There are further chinks of light, sometimes in unlikely places. Many column inches have been recently devoted to the welcome decisions to end the practice of “Walk-on Girls” at the PDC Darts and “Grid Girls” in Formula One, but removing displays of active sexism does not translate on its own into equality of opportunity. So it’s to the credit of the BDO World Darts Championship that over the last decade it has expanded its women’s tournament and now gives far more precious TV oxygen to champions such as Trina Gulliver and Anastasia Dobromyslova. On my trip to the Lakeside in 2017 I saw men’s and women’s matches just as you would on Centre Court at Wimbledon.

These changes are positive and long overdue. But from my vantage point in the Mound Stand on that July Sunday last year, the women’s World Cup final seemed to escalate progress to a new level. This tournament wasn’t piggy-backing a men’s event. It was a phenomenon that had captured fans’ imagination in its own right; the British public truly discovered women’s cricket. The fact that it was climaxing at Lord’s, where until as recently as 1998 women could not join MCC, was particularly apt.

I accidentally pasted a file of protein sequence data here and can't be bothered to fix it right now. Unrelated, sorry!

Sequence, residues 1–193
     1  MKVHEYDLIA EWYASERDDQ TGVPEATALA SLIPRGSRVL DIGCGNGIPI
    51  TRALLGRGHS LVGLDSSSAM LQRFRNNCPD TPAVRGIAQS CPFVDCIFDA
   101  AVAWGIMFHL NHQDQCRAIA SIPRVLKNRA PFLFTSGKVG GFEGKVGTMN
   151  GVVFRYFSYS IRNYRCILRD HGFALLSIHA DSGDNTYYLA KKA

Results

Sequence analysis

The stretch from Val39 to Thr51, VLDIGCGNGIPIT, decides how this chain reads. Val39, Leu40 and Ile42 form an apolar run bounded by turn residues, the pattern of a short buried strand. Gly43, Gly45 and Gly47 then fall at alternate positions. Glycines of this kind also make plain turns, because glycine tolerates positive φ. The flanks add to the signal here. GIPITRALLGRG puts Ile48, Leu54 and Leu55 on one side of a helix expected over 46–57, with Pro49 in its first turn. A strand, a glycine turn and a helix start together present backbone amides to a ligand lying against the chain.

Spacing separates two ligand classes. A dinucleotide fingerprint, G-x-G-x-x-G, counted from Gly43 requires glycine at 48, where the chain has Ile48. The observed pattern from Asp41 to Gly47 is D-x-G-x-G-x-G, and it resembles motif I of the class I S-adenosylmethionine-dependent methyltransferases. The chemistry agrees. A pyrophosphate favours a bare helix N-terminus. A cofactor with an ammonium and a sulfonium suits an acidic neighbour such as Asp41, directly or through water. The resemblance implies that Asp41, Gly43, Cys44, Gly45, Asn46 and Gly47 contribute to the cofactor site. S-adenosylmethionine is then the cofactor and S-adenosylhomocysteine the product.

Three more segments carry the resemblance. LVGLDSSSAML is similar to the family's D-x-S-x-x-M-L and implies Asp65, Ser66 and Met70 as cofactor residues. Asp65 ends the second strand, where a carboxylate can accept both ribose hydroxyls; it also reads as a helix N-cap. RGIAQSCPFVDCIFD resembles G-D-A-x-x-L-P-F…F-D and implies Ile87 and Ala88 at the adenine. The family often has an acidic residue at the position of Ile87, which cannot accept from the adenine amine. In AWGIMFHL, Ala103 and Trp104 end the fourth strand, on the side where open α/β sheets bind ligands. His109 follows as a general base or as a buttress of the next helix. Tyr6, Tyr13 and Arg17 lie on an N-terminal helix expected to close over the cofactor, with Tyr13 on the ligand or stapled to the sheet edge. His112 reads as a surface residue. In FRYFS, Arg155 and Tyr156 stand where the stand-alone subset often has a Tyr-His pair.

As the match got underway and England openers Lauren Winfield and Tammy Beaumont began diligently constructing the innings, the symbolism of the occasion retreated to the wings and gave way to a delicately poised contest that gripped the crowd from start to finish. The form book and tournament pedigree probably favoured England but India had triumphed by 35 runs in the group-stage clash and Harmanpeet Kaur had scored an electrifying 171 not out in their semi-final win over Australia. Both XIs were packed with potential match-winners. The question was whether the game could live up to its billing. So often in sport it’s a truism that finals rarely live up to the hype or grandeur of their stage. Not here, though. We had a classic.